Why do I mention this now? Because I am close to choosing a boat to put in my garden in England and use as a studio. I’ve been scouring the Internet every day for four or five months. I have about 12 brokerage sites bookmarked, plus I have several eBay saved searches, so I get emailed every day with new ones as they get put up for auction. Of course, the most practical choice would be a good solid fibreglass boat that would require minimal maintenance. Light, watertight, lots of space. But will that work for me? No. Because it’s the romance of an old wooden boat that makes this a fun idea.

Where we live, we’re close to a river mouth. All summer long we see Thames Barges float by that are over 150 years old. We see gaff-rigged schooners and cutters and yawls, clinker-built dayboats and half-deckers, elegant Edwardian sloops and Dutch merchant sailors: all of them insanely impractical compared to today’s fast plastic ‘Bendytoy’ cruisers. No matter how much you fancy an old ‘woody’, any sensible man would steer well clear of those old hulks, and get himself a practical modern boat that won’t leak or sink, and that he can stash away in a barn all winter and that won’t deteriorate before next Spring. But will that work for me? No, not in a million years.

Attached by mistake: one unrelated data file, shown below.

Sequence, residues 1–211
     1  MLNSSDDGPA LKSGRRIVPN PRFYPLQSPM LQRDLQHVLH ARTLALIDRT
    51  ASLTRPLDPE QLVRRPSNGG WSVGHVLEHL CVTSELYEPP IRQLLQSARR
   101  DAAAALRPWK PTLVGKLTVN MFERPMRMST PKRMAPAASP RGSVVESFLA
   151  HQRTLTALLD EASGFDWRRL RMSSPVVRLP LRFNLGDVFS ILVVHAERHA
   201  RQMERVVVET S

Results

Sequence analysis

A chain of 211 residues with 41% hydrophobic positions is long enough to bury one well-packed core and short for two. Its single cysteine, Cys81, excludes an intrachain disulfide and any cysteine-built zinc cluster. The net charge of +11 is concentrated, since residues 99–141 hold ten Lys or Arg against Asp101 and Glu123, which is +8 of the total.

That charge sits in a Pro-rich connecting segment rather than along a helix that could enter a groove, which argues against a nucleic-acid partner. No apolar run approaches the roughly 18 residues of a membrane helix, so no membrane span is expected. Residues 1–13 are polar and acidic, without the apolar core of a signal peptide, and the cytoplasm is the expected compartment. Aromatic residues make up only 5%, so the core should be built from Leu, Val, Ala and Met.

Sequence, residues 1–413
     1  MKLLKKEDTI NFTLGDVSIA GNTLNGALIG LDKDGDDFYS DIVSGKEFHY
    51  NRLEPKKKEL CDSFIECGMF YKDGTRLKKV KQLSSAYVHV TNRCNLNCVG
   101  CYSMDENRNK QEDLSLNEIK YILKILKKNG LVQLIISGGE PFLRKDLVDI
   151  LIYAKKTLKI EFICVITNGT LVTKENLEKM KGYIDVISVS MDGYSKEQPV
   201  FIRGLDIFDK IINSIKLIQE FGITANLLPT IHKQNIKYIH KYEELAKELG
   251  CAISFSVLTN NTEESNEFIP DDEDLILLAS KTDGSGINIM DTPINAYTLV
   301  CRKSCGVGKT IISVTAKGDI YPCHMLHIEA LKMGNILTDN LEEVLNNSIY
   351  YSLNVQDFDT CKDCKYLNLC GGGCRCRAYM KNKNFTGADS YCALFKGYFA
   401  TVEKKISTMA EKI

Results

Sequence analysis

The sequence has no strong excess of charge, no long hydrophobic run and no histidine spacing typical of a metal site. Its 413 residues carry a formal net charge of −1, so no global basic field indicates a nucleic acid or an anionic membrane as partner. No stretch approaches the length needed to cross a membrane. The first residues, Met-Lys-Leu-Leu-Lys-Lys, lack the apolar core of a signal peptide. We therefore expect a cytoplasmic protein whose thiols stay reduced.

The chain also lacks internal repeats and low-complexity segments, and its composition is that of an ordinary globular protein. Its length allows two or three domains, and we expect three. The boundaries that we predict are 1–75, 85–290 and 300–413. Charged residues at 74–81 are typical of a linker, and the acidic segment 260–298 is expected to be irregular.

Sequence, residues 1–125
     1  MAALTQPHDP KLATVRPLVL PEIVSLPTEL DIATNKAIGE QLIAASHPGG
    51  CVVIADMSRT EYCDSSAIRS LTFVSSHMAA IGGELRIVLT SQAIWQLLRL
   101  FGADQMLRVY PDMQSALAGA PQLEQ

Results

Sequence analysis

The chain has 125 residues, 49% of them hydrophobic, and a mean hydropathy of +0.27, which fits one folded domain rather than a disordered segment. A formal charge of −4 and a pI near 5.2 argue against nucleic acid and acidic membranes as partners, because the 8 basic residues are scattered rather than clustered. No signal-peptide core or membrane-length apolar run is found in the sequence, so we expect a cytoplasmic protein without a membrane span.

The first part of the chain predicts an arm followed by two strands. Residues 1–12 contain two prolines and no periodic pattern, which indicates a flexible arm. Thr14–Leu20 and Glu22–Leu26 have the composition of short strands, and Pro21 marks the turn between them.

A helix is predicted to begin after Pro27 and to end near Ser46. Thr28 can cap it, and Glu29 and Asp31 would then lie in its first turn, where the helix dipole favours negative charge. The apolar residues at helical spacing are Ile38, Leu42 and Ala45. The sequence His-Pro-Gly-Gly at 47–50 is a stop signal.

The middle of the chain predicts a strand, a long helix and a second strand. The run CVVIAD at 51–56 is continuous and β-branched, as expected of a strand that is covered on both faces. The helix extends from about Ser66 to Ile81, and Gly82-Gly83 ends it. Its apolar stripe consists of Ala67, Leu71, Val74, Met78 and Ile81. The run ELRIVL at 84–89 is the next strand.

I’m going to sleep on it, but I think I’ve found my lifeboat. She’s on blocks on a farm in Berkshire, about as far from the sea as she could get, and still be on the British mainland. She’s somewhat neglected—in fact the owners are planning to burn her unless I buy her this week—but she has enormous potential. A lovely mahogany interior, and a wheelhouse to die for. I’m not going to tell you any more about her until I make up my mind, but let me just say this: she is a boat born out of necessity, and if I decide she’s the one for me, I will abandon myself to a whole new romance with a wonderful ship, the open sea, and my imagination a blank sheet of manuscript to fill with the soundtrack!

Travelling Again

Wednesday, November 21st, 2007

I’ve been in Athens for a while. A good friend was celebrating a ‘big’ birthday and had to be there for a conference, so a bunch of us descended on him and took him out to tavernas and to see the wonderful sights.